There’s a subtle kind of racial overtone in any drugstore you visit: It’s found in “skin-tone” band-aids, for example, or “nude” nail polish. We tend not to dwell on the shade of pantyhose; but in truth, the way commercial colors and products are named can be really restrictive.
A few years ago, French artist Pierre David was invited by the Museum of Modern Art Brazil to create an installation that addressed identity and diversity in the South American country. Hoping to involve Brazilians directly in the project, Pierre asked 40 museum employees and art students to pose shirtless in a series of portraits. He organized the shots into a Pantone-inspired swatch library, and asked an industrial paint company to mix 40 cans of paint to match the participants. The final exhibit featured a “swatch” library of colors designed by Superscript studio, and a lineup of paint cans labeled with the features of each model.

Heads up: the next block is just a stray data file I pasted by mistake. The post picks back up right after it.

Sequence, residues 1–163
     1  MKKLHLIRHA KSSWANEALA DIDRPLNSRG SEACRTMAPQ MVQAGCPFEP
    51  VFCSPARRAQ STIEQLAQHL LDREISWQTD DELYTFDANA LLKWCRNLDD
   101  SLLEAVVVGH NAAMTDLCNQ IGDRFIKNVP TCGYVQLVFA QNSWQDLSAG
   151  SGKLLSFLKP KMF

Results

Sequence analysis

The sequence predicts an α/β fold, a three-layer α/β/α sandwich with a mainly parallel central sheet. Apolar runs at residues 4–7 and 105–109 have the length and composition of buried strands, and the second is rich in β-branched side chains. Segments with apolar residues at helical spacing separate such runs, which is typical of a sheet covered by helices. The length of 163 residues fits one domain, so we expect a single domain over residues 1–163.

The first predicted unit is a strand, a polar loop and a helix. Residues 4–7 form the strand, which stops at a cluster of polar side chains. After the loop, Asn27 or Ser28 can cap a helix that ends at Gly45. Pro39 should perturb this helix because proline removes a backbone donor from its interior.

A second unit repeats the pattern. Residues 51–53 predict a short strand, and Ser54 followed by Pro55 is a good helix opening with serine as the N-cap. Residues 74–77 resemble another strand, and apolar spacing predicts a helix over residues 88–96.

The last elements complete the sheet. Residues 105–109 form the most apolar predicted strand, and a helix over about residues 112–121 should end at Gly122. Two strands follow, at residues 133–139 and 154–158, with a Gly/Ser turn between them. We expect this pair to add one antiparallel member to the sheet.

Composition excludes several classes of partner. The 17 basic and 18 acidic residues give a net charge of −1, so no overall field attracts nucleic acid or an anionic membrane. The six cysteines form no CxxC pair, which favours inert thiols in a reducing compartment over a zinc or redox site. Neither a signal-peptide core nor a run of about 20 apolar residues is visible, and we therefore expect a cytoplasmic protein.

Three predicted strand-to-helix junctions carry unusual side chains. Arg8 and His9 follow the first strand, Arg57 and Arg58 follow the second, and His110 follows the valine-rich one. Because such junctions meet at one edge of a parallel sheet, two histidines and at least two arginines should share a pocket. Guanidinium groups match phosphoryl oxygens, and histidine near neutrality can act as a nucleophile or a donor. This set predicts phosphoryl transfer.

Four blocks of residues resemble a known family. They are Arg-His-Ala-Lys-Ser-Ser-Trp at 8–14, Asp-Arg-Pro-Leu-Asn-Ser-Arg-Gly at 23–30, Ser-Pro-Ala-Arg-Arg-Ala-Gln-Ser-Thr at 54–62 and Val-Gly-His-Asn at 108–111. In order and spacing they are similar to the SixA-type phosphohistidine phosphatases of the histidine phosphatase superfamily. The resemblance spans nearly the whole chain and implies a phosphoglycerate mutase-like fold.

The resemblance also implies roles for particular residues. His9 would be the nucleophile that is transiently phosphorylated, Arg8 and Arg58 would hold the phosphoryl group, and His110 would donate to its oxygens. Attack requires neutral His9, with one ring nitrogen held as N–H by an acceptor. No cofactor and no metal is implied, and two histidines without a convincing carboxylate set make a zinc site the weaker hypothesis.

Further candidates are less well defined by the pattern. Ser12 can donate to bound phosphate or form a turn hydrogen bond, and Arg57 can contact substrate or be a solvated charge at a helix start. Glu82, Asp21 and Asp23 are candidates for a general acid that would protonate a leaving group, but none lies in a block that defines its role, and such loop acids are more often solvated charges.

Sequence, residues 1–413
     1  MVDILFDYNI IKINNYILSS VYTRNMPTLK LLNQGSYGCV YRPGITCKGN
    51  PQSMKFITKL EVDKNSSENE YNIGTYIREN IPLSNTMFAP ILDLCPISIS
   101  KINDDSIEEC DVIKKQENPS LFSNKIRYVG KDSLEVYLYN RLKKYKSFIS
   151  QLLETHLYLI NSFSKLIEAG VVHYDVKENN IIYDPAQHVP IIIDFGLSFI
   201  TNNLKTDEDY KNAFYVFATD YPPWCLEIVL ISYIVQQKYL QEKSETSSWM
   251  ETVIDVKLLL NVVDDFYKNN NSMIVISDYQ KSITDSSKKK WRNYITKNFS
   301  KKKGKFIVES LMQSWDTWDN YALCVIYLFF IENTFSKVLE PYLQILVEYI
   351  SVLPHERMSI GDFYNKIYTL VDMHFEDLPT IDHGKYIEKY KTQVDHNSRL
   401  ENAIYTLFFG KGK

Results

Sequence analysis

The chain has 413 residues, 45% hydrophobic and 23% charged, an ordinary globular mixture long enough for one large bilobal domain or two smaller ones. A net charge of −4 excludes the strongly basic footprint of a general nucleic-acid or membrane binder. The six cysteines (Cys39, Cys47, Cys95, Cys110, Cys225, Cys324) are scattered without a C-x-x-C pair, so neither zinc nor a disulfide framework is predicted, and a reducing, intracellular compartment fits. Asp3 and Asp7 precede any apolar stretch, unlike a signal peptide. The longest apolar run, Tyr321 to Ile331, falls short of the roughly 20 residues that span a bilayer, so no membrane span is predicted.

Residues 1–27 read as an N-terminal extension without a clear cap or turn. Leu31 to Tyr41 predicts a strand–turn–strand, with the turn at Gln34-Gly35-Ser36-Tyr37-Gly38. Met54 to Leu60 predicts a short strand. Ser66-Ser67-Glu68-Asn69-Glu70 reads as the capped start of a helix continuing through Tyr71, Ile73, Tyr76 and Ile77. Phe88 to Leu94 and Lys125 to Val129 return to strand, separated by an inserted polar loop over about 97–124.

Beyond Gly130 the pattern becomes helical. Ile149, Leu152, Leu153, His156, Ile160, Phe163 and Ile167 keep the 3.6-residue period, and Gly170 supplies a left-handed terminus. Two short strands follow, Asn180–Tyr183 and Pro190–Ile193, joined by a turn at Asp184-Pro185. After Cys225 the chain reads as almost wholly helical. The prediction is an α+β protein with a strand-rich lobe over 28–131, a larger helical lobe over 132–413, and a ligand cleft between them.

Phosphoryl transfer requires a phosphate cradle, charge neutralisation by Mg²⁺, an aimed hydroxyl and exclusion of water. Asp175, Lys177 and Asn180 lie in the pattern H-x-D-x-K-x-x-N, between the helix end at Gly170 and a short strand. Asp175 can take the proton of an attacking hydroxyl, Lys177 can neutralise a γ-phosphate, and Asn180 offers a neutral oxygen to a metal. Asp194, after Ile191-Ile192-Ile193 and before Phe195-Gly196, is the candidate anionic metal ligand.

“Reducing an individual to a color poses the issue of racism in an immediate way,” explains David on his website. “Is it harmless to say, ‘I like (or I do not like) your color?'” Human Pantone responds to the history of slavery in Brazil, as well as questions about France’s legacy as a colonial power. At the same time as it foregrounds the banality of tone-based racism, Human Pantone is meant to celebrate the remarkable diversity of skin colors. Because, David notes, just as flesh-toned band-aids don’t match anyone’s real skin, no one will ever exactly match up to a single swatch in his library. Which is actually really cool.